Every Tool’s a Hammer, Adam Savage

If you want to become a Maker. Buy this book. If you are a Maker. Buy this book. I belong more to the second kind of people who read this book. Makers who have worked out a lot of tricks for themselves will not be able to read a lot of technical information from this book. Maybe you will find one or two little tricks after all, but for that the purchase of this book would not be worth it. As a Maker you will find many anecdotes, stories and little truths that are very entertaining. You also get to know the people behind the videos a little better, which I personally find very exciting. Young people and teenagers will find a lot of information here. For example how to fail correctly, how to set up your store or sometimes you have to take a step back. Much of it I would have liked to have known already as a child and could have saved myself some unnecessary side ways. You can learn quite a lot as a beginner, because Adam is also a representative of the “share your knowledge” philosophy. This aspect appealed to me a lot and I can also represent this philosophy. The book is quickly written and therefore quickly read, because short chapters and many anecdotes make the book fast in its reading flow. The book is lightened up with individual black and white photographs and technical drawings. Very entertaining.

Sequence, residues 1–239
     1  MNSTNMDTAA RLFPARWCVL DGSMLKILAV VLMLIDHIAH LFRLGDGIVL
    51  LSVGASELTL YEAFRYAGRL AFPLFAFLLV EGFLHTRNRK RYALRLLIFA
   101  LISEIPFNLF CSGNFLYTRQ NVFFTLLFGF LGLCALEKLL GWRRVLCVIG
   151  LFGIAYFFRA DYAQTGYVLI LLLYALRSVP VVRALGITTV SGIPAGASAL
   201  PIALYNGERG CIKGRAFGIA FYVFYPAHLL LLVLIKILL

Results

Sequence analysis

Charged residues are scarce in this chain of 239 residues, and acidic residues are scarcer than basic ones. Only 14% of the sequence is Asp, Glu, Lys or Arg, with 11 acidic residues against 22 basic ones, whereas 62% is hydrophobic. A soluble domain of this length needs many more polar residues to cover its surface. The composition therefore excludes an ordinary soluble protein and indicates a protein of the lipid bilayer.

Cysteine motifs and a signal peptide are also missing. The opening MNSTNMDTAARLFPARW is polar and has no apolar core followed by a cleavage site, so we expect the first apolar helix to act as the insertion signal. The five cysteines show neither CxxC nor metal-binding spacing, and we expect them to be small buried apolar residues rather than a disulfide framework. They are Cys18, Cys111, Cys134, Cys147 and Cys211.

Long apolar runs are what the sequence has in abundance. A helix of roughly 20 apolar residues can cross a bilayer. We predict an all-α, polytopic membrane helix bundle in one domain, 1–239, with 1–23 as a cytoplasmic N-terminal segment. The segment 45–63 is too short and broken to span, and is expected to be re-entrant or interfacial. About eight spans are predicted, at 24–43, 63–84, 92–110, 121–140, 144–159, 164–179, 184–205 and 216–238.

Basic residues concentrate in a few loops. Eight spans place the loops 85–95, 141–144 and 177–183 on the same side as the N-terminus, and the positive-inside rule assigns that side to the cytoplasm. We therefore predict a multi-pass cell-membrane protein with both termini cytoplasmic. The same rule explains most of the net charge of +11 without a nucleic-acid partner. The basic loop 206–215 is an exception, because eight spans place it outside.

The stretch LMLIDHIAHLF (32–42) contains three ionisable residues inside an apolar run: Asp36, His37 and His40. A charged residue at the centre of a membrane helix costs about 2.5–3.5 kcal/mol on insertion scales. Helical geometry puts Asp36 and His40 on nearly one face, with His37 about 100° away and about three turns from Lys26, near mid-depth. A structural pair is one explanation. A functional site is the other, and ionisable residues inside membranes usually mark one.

The Demon Haunted World, Carl Sagan

This is the second book I have read by Carl Sagan and he seems to be a good scientist and author. After the last four years I am learning more about the culture of the United States of America. This includes understanding how they have developed their view of the sciences. The fascinating thing about this book is that in 1995 it describes it from a very centered viewpoint of an American. It is thus a very good window of opportunity to understand the profound connections of social history. Carl looks objectively at UFO development, the witch hunt, Americans and science. Religion and science, astrology and pseudoscience. Media (TV and radio) and popular science. He describes how many people from the United States have problems with science because it is not promoted enough. Because science is rather boring, dry and unprofitable. The book is very enlightening and it now gives me a clearer picture of where the problems lie in this country. Because…since 1995 it does not seem to have improved, rather the opposite, in fact it seems to have worsened. Mr. Sagan is critical in his observations, but does not raise a scientific finger, but addresses the readers with his idiosyncratic humor and good writing style. A very bright and illuminating book. Science as a candle in the dark.